I happen to have a 1962 Rambler Classic 4 door Custom sedan. My late dad bought it new in nearby Norwalk California from Dell-Kraft Rambler/Metropolitan. It has the optional full size wheel covers. AMC did start using dual master cylinders in 1962. Mine is paint code 42 Sirocco Beige. It has the standard 3 speed column shift transmission. I retrofitted the car with a third brake lamp made by Wink (the company that made multi panel inside mirrors). The brake lamp matches the contour of the back window. I’ve seen that green Rambler around town, as I live near Cerritos. I’m in Orange County, in a OC border city to Los Angeles County. That Rambler engine appears to be from a Rambler sold outside of California, as it doesn’t appear to have a factory PCV Valve required on 1961 and later cars. My Rambler engine has the factory PCV valve. The air cleaner on the green Rambler is not original. I added back up lights to my 62. They were optional, and the taillight assembly has a dummy knockout to break off.

  20. Edward

    I have some more thoughts since I last commented. As I mentioned that I have the Classic Custom, there were 3 packages that all 62 Ramblers came in, and to be more clear, this applies to all 3 models (American, Classic and Ambassador): Deluxe, Custom and 400. The Deluxe is the basic model: no chrome trim on the body, rubber mats, optional heater, optional door light switches, and no clock. The Custom adds carpets, front door light switches, Weather Eye heater, exterior chrome and the dash clock. The top line 400 adds all the Custom features and on the American, it comes with the OHV 196 cast iron engine used on the Classics. On the Classic and Ambassador, it adds additional chrome trim pierces. On the Classic, the aluminum block 196 is standard, but the cast iron engine is a no cost option. Finally, full size wheel covers are standard.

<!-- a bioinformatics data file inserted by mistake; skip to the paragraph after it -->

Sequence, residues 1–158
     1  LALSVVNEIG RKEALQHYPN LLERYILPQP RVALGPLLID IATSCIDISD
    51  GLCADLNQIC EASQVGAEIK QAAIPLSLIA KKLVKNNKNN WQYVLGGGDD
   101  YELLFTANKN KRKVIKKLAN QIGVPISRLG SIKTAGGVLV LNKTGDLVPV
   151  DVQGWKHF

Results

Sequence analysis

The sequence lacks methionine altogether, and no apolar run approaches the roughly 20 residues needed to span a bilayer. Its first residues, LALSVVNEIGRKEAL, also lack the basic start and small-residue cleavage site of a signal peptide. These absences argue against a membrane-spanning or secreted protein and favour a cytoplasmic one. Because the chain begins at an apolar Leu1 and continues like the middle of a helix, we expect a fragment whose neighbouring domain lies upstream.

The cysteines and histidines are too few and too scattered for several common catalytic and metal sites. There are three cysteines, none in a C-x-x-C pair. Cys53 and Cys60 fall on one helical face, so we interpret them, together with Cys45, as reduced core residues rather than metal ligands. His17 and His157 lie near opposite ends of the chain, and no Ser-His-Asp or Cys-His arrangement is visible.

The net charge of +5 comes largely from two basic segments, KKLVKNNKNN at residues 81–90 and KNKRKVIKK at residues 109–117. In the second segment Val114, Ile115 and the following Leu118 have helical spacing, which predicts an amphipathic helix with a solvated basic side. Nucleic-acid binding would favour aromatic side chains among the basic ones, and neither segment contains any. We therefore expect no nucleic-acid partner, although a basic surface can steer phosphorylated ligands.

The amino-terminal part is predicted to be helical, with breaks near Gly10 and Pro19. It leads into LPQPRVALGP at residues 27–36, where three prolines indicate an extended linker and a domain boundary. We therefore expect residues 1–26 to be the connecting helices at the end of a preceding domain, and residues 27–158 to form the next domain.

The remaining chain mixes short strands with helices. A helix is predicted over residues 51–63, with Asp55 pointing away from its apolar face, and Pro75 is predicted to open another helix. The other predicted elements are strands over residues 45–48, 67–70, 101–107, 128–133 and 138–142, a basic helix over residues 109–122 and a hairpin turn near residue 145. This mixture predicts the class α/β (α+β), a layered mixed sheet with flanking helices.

The interior of this green Rambler is Inca Silver. Most likely, the rims were originally Inca Silver from the factory, and repainted black. Whitewall tires were optional. The original tire size on the Classic was 6.50 15. The Classic also had an optional tire size 6.70 15, using the same rims. The replacement radial tire size for the 6.70 15 bias ply original is P 205 75R15. The featured Rambler has the optional bucket seats. A split back bench seat without recliners is standard, while many with the split back bench came with the optional reclining mechanism. My 62 has the bench seat with the reclining option. My interior color is rose copper, and the rims are rose copper.

    I hope someone near Cerritos bought that Rambler. I saw that car in a shopping center on the border of Cerritos and the Orange County city of La Palma back in late 2019. It’s nice to see that the engine wasn’t butchered by a California State Approved garage in the 60s that carried out the mandatory PCV Valve retrofitting job starting in 1966. I’ve seen some engine valve covers butchered by the garages approved by the state. This car engine appears to be clean and unmolested.

    On another note, Cadillac and Jaguar were the other makes using a dual master cylinder in 62.